A thesis statements can be informative, like this: Williams Syndrome is a rare and misunderstood genetic disorder. However, thesis statements that are simply well-known statements of fact--like there are 12 inches in a foot--rarely make for interesting essays.

  • Narrow or Focused

You'll have to decide if you want to create a focused or a broad thesis statement. Here’s the difference.

A broad thesis statement provides a general overview of a topic. Let's go back to the thesis statement Williams Syndrome is a rare and misunderstood genetic disorder. The author of an essay with this thesis would likely introduce many aspects of Williams Syndrome, such as:

  • What genetic mutation causes Williams Syndrome?
  • How many people have it?
  • What symptoms are associated with it?
  • What do people misunderstand about them?
  • What research is being done on the syndrome?

In a short paper, the writer would be able to dedicate just a paragraph or two to each aspect. Readers would learn a little about each one, but not much about any particular aspect.

Broad thesis statements can lead to rambling and superficial essays, in which the writer touches on several ideas but explores none in depth. These works can leave readers feeling that they have not gained much from the piece. It can be very difficult to write a strong essay with a broad thesis statement. Need proof? Imagine trying to research and prove a broad thesis like Love can overcome any obstacle." Where would you begin? What kind of research would you use?

Effective thesis statements are usually narrow--focused on just one aspect of a topic or on a very specific idea. A narrow thesis statement allows the writer to delve in more deeply. Here’s an example: Stigma, guilt, and shame prevent many women alcoholics from seeking treatment until much later than men, which contributes to women’s higher death rate from the disease. A writer could research and discuss this one facet of alcoholism in depth; readers would likely come away feeling like they had learned a lot that they didn't previously know.

  • Well-Developed

The better you develop your thesis statement, the easier you'll find it to write your paper. A well-developed thesis lays out the main and supporting ideas, in the order you will take them up in the essay.

The well-developed thesis statement given above--Stigma, guilt, and shame prevent many women alcoholics from seeking treatment until much later than men, which contributes to women’s higher death rate from the disease--lays out each idea the writer will explore in the paper. As you saw previoulsy, it is easy to convert a well-developed thesis statement into a useful outline.

  • Convincingly and Credibly Supported

As an adult student with expertise in your field of work and study, you might find yourself doing some primary research--posing questions and constructing studies, surveys, and interviews to find the answers. Most of the time, though, you’ll do secondary research: you’ll look for answers in existing studies, surveys, interviews, reports, data sets, and more. Both primary and secondary research go better when you craft a narrow, well-developed thesis statement that you can support with credible, convincing evidence.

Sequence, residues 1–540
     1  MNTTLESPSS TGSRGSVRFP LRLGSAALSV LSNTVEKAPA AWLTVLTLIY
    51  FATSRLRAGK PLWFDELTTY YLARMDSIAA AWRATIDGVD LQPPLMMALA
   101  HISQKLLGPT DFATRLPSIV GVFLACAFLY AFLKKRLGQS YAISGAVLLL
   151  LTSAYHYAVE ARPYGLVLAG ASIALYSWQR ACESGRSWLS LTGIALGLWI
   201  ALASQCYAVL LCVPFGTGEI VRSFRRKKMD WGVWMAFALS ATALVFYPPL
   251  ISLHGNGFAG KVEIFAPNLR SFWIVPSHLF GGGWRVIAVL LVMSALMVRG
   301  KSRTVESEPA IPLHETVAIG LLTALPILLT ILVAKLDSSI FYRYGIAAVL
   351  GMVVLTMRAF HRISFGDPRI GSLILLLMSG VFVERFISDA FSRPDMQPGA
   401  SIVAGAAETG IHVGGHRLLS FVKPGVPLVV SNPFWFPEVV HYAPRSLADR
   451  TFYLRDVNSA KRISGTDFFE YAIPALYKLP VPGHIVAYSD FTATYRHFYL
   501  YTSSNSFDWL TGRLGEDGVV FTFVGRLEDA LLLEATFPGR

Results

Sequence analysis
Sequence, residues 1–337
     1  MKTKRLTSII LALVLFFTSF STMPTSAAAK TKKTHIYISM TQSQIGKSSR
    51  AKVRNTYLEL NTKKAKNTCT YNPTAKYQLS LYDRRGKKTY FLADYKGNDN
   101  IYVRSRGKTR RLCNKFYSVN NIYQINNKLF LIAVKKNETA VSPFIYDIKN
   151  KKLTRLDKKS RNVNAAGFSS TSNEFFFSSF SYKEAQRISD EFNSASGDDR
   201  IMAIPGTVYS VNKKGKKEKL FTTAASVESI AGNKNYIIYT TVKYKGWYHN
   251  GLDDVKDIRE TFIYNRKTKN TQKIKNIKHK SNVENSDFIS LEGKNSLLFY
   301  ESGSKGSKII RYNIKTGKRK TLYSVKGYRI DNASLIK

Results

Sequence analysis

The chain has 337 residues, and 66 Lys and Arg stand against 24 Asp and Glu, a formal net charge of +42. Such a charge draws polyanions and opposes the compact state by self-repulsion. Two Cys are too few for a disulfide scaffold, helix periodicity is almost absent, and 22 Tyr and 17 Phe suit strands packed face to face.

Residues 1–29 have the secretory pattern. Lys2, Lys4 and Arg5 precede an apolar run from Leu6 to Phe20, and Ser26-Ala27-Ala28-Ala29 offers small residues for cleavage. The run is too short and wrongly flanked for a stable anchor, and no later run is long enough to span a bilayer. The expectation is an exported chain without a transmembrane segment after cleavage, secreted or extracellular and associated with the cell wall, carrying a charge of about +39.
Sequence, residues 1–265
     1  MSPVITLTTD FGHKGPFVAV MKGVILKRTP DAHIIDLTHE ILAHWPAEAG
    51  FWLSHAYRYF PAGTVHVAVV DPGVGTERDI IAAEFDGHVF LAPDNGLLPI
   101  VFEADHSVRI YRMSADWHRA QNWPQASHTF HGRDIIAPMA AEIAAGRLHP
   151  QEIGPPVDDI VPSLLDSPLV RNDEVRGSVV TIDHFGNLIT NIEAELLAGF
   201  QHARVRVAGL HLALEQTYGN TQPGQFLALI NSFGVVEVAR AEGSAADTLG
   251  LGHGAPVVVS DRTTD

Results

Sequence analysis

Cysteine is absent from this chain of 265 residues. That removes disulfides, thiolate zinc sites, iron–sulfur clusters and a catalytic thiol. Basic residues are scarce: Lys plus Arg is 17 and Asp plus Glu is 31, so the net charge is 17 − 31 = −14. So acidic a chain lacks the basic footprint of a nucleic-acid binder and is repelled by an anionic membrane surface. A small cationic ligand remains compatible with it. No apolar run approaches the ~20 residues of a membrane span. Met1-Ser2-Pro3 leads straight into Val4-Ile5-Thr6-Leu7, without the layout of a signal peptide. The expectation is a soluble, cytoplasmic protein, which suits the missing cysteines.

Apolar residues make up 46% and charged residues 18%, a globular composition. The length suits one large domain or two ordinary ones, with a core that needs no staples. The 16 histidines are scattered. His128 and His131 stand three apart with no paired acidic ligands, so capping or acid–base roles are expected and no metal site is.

Think back to the example of the (overly broad and under-developed) thesis statement Love can overcome all obstacles. If you wanted to do primary research, what kinds of questions could you ask to get useful data? How would you select a representative sample? If you wanted to do secondary research, where would you look? You'd probably find personal anecdotes of couples who overcame extraordinary challenges, but few studies that an academic audience would consider credible evidence. No doubt the stories would be inspiring and moving, but they wouldn’t likely prove your thesis. (In fact, you’d probably find at least as many examples of the antithesis--Love cannot overcome all obstacles.)

By contrast, you could find credible evidence that proves the specific assertions that people in satisfying long-term relationships report higher levels of happiness, enjoy better physical health, and live longer than their single or their unhappily coupled peers.

  • Revised and Refined

You’ll probably find that you need to revise your thesis statement several times as you research your topic and write drafts of your paper. The more you learn about your topic, the more specific and developed your thesis statement will become. In fact, you might not write your final version of the thesis until your essay is close to finished.

It can feel like you're "getting nowhere" when you revise or refine your thesis statement; when you do so, you must go back through your whole essay and make necessary "tweaks." But refining and revising are normal and inevitable parts of the writing process.

FINAL NOTE: Carefully crafting your research question(s) and thesis statement takes time and effort, but it's well worth it. A thoughtful, well-written research question can help you target your searches and find better sources more quickly. A specific thesis statement can help you and your readers stay focused, and a well-developed one can provide a clear outline from which to work. Ultimately, you'll "get back" the time you put in, and save yourself much frustration.

TIP: Click the links for brief but useful information on creating effective thesis statements from: